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States vow confidentiality in airline merger study

DALLAS (AP) -- The attorney general of Texas and counterparts in other states may have been reviewing the proposed American Airlines-US Airways merger far longer than previously known.

Published reports last week disclosed that the chief law officials in about 19 states had joined the U.S. Department of Justice's review of the merger.

An agreement in which the states won access to confidential information from the airlines was dated March 19, barely a month after the merger announcement. State officials can get the companies' confidential information from the Justice Department by agreeing not to release it to anyone else.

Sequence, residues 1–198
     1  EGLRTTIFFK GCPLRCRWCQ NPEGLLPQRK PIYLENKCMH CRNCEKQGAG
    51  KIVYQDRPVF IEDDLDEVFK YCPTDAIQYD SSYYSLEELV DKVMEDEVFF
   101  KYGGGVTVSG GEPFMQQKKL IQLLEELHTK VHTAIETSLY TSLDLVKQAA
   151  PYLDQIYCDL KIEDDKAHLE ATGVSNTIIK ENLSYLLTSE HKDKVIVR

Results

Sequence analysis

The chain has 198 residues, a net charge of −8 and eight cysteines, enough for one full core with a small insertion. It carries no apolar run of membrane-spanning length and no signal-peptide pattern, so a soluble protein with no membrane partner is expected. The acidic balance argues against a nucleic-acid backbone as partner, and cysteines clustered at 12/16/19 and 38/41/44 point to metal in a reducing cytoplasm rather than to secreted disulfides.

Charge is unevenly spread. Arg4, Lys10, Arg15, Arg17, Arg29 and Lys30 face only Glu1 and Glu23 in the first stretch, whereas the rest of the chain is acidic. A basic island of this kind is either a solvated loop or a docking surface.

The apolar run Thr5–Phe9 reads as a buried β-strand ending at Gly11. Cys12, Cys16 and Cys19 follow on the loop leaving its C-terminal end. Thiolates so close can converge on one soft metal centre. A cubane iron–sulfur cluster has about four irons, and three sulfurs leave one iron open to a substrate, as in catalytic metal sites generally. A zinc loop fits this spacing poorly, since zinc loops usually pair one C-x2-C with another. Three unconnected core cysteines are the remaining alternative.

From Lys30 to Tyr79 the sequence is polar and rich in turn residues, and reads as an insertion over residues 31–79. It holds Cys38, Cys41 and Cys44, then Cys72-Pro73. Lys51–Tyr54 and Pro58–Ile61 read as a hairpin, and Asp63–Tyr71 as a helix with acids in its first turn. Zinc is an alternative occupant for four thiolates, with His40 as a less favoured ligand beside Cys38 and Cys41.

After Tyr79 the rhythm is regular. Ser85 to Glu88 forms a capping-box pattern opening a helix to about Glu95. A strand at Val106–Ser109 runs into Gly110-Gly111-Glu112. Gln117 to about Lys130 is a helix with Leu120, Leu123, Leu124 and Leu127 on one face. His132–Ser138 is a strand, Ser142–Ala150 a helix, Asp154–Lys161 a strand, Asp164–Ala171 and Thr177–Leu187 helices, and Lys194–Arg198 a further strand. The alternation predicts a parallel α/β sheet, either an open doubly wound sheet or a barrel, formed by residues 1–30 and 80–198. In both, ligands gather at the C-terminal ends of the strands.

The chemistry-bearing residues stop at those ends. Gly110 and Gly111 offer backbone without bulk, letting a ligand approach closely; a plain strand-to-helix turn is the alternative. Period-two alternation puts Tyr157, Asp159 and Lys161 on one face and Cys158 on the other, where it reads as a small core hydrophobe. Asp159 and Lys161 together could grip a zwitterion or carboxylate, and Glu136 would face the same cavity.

A copy of the agreement was obtained Tuesday by The Associated Press under an open-records request.

It is common for states to join a federal merger review in order to look out for parochial interests, which in this case could include preserving hub airports and routes currently operated by American and US Airways. Companies use confidentiality agreements with regulators to protect inside information that they don't want competitors to see.

While the Justice Department continues its review, US Airways Group Inc. shareholders are scheduled to vote on the merger Friday. The merger is part of American Airlines parent AMR Corp.'s bankruptcy-reorganization plan, which a federal judge is scheduled to review on Aug. 15. The companies expect to close the deal by the end of September.